Go to main content

Coming On Strong

November 24, 2001 | Music
Last week we announced the release of Coming on Strong, the second release on the new Southern Style label. We were told it would be a CD in very good sound quality. And it is! We can’t think of a soundboard-CD that sounds as clear as this one does, some come close but Coming On Strong is certainly on of the best. Unfortunately this sound quality shows in what kind of shape Elvis was. The artwork of the CD is fine, just as its predecessor it is simple but shows great taste. And the producer managed to find some pictures of this period where Elvis wasn’t looking too bad. The CD carries two incomplete shows, one recorded February 13, 1977 (West Palm Beach, Florida) and the other is dated February 16, 1977 (Montgomery, Alabama). Parts of the last show were already released on "Moody Blue and Other Great Performances" (Fort Baxter). On the first volume of A Profile, A Life in Music, Blueberry Hill was listed to be from the West Palm Beach show, but that is another version.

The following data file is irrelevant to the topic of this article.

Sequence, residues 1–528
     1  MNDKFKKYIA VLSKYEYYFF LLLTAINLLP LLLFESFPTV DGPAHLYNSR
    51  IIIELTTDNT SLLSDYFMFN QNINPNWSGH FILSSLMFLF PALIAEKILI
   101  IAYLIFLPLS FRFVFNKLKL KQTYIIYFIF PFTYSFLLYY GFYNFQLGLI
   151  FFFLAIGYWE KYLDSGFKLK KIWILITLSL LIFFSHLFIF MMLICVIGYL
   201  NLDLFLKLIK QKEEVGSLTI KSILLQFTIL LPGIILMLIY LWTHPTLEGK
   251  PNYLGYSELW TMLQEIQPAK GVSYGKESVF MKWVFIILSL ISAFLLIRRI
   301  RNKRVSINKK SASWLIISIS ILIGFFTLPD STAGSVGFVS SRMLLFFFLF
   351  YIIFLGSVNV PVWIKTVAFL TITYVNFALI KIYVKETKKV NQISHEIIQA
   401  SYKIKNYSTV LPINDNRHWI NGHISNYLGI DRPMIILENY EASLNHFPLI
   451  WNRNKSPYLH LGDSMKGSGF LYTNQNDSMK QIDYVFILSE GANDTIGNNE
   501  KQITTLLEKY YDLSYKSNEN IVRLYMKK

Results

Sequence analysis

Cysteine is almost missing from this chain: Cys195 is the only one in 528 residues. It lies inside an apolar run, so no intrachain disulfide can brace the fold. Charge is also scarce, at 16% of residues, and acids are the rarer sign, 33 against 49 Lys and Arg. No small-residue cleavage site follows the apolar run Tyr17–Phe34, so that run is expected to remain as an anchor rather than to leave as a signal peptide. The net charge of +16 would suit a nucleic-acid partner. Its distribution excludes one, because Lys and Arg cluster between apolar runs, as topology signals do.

Especially the first show is weak. Elvis’ voice sounds trembling, week and insecure, even on the shortest notes. Hearing songs like You Gave Me a Mountain and Hurt – which used to be showstoppers with Elvis’ powerful voice – in these versions really hurts. The most interesting thing from the first show is the unusual Blueberry Hill, but only because it’s rare. Elvis closed this show with "Wise men know, when it’s time to go". He shouldn’t have been there in the first place. The second show is slightly better. At least it sounds as if Elvis was enjoying himself. A swinging version of Polk Salad Annie (mainly carried by the band) is enjoyable. While strangely enough a song that probably drove Elvis to the well-known boredom, Teddy Bear, is one of the highlights of the CD. Not because Elvis was doing such a great rendition, but because Tony Brown showed his fingers weren’t locked, as Elvis stated at the false start of the song… at least there was some glance of the old Elvis humour. We know a lot of the fans adore the version of Where No One Stands Alone on this CD. It could have been a remarkable performance, but obviously out of breath he sang a song he wasn’t able to carry anymore. Resuming we can say this CD is "for CD collectors only". It is not advised to show it to new Elvis-fans or even worse "not yet fans". We fully understand why Elvis Presley Enterprises is reserved with releasing later Presley-material. It is clear Elvis should have been in bed instead of on stage.